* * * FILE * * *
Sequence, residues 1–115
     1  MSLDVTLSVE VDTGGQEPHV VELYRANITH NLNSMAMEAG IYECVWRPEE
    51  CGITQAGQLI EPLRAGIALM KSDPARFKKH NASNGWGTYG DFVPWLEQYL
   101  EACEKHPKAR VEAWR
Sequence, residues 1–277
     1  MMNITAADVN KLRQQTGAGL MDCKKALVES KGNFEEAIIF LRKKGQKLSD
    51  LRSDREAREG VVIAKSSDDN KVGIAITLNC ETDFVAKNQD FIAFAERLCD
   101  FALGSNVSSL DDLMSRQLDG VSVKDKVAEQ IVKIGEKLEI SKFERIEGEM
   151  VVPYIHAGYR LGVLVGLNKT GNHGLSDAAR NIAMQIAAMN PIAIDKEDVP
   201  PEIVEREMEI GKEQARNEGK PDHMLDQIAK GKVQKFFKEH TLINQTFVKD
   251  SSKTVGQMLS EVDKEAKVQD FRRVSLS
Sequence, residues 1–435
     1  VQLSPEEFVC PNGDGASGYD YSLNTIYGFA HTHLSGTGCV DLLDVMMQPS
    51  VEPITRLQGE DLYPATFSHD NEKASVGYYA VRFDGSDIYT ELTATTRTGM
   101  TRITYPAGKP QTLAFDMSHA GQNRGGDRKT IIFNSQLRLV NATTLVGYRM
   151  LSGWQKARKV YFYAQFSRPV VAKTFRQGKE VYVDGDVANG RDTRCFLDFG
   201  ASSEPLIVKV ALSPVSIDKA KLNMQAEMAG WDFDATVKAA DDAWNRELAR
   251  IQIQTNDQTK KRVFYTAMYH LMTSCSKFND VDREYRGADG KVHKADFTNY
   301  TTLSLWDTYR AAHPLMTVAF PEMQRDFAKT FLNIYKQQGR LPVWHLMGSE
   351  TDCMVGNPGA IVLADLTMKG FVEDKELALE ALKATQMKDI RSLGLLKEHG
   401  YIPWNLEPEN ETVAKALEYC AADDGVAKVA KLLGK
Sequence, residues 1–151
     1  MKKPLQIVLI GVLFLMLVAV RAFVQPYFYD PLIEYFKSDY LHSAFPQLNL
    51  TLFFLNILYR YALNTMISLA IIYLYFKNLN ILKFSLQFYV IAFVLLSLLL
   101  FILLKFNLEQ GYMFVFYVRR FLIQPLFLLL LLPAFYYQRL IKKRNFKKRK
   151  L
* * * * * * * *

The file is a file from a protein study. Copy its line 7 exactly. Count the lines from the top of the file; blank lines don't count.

    51  LRSDREAREG VVIAKSSDDN KVGIAITLNC ETDFVAKNQD FIAFAERLCD